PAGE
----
The programming class at Gering has developed an app for Gering Public Schools. It is the existing website put all on an app.
Seniors Danielle Schick and Felipe VanWinkle have been the main programmers on this project.
“We started working on this project a month after school started and have been working on it ever since,” Schick said.
The app’s purpose is to provide a better form of communication with parents, students, administration, and teachers. It has easy access of lunch menus, activities calendars, infinite campus, and each of the school’s contact information.
The class thought of the idea at the beginning of the school year.
“We were brainstorming ideas for the possibilities of apps and what we could create. We just landed on a Gering Schools app,” VanWinkle said.
The app is now found on the Google Play Store for all Google and Samsung users. The team is now working on getting users to download the app and see how they like it compared to the website.
Senior Emilyann Kaup is also a lead programmer working on the app. She is working on the Apple side of the project and trying to produce the app on the Apple App Store.
“We are hoping to get the app on the Apple App Store by the end of the semester,” Kaup said.
The project has allowed the students to learn different forms of programming, the team has faced a variety of different challenges and have created several solutions to solve them.
“The collaboration between us as a group was one of the biggest struggles,” Schick said. “We were working on different computers and it was very difficult getting on things on my computer then figuring out how to get it on Felipe’s computer.”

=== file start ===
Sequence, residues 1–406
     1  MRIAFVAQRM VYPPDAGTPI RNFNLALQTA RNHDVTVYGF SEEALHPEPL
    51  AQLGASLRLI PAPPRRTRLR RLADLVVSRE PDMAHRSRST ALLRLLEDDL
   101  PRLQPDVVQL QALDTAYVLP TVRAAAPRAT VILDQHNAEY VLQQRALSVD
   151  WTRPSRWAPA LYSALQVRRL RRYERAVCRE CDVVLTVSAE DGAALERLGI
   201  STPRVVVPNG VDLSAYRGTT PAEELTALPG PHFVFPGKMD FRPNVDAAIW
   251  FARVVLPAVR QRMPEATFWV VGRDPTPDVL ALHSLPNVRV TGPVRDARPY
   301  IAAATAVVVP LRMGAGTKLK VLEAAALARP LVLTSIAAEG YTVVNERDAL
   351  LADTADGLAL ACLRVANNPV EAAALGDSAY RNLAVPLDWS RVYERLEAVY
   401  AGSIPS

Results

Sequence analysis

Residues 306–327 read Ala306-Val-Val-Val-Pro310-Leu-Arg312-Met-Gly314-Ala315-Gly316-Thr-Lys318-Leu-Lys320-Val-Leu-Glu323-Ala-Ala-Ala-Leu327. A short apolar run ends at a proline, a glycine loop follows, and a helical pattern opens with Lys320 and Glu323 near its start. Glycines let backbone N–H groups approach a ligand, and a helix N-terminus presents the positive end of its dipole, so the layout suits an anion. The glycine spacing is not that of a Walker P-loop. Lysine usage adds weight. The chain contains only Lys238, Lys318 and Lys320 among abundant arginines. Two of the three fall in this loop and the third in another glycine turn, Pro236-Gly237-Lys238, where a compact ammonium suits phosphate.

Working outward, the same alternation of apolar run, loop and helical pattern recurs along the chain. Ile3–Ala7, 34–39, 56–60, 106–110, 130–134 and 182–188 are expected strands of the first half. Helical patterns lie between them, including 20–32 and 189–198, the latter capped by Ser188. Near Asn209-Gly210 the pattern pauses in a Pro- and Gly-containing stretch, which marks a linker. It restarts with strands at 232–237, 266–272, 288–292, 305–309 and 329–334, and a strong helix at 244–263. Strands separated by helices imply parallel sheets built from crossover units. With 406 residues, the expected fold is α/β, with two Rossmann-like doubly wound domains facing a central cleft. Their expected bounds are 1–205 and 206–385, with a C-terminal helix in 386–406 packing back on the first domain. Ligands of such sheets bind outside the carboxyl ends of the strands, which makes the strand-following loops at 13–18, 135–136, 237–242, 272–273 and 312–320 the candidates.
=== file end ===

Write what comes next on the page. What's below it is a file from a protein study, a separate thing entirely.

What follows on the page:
Both Schick and VanWinkle worked their best efforts on this app and faced numerous problems including integrating the phone app into the project, adding different tools into the code, making the layout of the app, and publishing the app on the Google Play store.
“Sometimes ,it took a class period to figure out how to solve some issues. Once in a while, it took a couple of minutes. Sometimes, it took weeks,” Schick and VanWinkle said. “It all just depended on how big the problem was.”
When putting the app on the app store, Schick and VanWinkle did not have an original domain name, which was required to publish the app. They had to then go back into the base code and change that name.
“It was very difficult naming the domain name, not necessarily the name for it, but the programming behind it,” Schick said. “We did not want to mess up what we already had in the app and what it consisted of.”
In the future, the programming class is hoping to make the app more modern and user-friendly. They want to make the app easier for parents, who do not know much about technology.
“I am hoping the app will be maintained and well taken care of when we are graduated,” Schick said.
In the future, Kaup is hoping everyone will have the opportunity to download the app, including Apple users.